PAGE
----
The Bally Sports-branded RSNs owned by Diamond Sports carry local games for 16 NBA teams.usa today images
Diamond Sports Group, which holds the rights to 42 MLB, NBA and NHL teams on its 19 regional sports networks, looks to be weeks away from filing for bankruptcy protection. Warner Bros. Discovery, which has the rights to 10 pro teams on its four RSNs, is trying to get out of the business entirely and has started negotiating with teams to take back their local rights.
Times are tough in the RSN business, which has huge implications for teams that have depended on that ever-increasing revenue stream over the past several decades.
Many MLB, NBA and NHL teams have been told to expect their local media rights fees to be cut by as much as 70% over the next several years as they try to figure out new ways to make their games available to their local fans. This pending revenue shortfall matters, as most local media revenue is one of the top two or three moneymakers for teams — accounting for as little as 10% of a team’s total revenue to upward of 60 or 70%.
But during the NBA’s All-Star Game festivities in Salt Lake City this month, league and team executives were nearly unanimous in saying that they were not panicked by the RSNs’ crumbling business plans — at least not in the short term.
“[Even] in a worst-case scenario, our games will still be on the air,” said Orlando Magic CEO Alex Martins, who is in the middle of a rights deal with Bally Sports Florida. “Revenue-wise, if it were a free fall and they’d have to stop payments, we’d have to work through that. But all indications are that’s not going to happen.”
The Magic still have five years left on a 10-year rights deal that started with the 2016-17 season. That deal carries an average annual value of $40 million, sources said.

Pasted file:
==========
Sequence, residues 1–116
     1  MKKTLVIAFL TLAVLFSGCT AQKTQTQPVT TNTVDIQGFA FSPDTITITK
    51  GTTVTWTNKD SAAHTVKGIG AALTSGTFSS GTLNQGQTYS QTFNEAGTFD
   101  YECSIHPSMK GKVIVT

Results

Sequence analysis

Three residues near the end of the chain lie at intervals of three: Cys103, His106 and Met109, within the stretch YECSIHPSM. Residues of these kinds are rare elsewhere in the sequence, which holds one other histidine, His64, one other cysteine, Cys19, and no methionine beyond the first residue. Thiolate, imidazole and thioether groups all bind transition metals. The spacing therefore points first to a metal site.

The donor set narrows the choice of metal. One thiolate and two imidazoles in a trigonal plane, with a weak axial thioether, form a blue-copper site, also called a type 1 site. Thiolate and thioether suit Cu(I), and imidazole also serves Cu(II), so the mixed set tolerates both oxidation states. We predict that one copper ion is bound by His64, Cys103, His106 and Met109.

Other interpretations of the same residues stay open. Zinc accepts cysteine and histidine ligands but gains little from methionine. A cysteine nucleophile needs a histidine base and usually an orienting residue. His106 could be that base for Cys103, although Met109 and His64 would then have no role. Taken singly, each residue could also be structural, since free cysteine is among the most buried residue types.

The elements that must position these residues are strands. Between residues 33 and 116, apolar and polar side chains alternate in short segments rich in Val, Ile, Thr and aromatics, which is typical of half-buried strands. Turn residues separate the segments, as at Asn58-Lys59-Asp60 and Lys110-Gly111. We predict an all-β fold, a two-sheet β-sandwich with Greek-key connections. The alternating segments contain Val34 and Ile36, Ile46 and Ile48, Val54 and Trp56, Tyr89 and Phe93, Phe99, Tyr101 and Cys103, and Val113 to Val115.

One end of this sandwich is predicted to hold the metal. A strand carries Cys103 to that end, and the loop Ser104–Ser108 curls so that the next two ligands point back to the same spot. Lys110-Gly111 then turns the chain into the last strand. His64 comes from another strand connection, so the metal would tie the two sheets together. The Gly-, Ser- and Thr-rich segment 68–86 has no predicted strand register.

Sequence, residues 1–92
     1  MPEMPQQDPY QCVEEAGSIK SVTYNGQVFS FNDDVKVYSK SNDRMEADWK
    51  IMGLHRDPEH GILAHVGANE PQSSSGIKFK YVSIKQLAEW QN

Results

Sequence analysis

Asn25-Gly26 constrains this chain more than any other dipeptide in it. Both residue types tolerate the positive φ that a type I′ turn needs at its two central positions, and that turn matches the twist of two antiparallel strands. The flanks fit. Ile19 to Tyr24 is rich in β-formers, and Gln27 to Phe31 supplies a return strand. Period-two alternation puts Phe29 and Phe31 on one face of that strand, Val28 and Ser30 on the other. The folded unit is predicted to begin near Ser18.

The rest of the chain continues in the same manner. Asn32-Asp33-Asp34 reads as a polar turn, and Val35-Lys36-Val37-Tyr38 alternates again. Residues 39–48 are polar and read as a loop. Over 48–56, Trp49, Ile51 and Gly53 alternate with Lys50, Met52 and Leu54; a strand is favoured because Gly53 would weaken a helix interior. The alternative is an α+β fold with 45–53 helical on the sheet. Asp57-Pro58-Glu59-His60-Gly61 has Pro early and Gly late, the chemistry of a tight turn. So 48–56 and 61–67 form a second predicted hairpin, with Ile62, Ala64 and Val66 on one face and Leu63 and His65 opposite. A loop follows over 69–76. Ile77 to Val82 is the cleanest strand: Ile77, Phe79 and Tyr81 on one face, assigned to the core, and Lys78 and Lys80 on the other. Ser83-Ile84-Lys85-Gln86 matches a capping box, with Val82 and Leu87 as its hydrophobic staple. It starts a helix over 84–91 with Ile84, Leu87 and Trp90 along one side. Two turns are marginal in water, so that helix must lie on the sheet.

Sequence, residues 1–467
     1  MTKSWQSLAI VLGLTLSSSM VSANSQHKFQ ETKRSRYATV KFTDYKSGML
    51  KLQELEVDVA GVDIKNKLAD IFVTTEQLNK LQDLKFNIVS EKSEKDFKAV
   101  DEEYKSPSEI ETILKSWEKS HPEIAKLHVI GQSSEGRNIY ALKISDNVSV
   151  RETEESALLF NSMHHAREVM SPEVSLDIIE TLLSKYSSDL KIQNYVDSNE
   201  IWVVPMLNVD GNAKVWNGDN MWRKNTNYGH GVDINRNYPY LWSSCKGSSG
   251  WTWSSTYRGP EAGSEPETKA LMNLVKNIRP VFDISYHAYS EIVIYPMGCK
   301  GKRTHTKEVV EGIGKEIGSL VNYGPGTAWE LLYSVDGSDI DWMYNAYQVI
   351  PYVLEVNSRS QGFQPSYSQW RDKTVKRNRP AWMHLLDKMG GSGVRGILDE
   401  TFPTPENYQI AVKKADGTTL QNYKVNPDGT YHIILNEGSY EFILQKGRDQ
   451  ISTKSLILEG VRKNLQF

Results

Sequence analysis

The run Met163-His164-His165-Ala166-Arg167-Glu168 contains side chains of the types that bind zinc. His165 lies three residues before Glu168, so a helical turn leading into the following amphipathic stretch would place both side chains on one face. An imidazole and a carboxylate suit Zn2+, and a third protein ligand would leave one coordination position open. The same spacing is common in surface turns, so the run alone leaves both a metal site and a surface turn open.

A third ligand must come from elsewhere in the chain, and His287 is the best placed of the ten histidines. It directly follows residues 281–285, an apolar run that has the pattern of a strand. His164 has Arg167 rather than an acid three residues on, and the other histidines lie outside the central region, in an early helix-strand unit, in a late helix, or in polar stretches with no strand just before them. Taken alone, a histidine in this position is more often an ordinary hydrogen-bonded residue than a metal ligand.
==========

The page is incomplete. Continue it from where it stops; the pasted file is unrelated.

So far, Bally Sports Florida has not asked the Magic to rework its deal to account for the RSNs’ crumbling business model. In fact, all league and team executives contacted by SBJ over the past several weeks said they’ve received full rights fee payments from their RSNs.
That sense of confidence was echoed by NBA Commissioner Adam Silver. That’s because the NBA’s regular season ends April 9, just three weeks after Diamond is expected to file for bankruptcy protection.
In a worst-case scenario, if Bally Sports decides to stop carrying local games for its 16 NBA teams as soon as it hits bankruptcy, the NBA will only have to scramble for those three weeks.
“For that period of time, we will have in place, if necessary, a way to continue to distribute those games,” Silver said during his annual press conference the day before the NBA All-Star Game.
Diamond Sports has told the leagues and its teams that it intends to continue producing and carrying games even after it has entered bankruptcy protection, as expected.
“We hope our teams will continue to receive their contractual payments,” said MLB Chief Revenue Officer Noah Garden. “In the event they are not, we stand ready to support our clubs and make sure our fans get to watch their favorite teams. Baseball has always been the backbone of the RSN business.”
Teams will have a difficult time not getting soaked, at least initially, in the declining RSN industry. Warner Bros. Discovery is looking to get out of the business, which it operates as Root Sports and AT&T SportsNet.getty images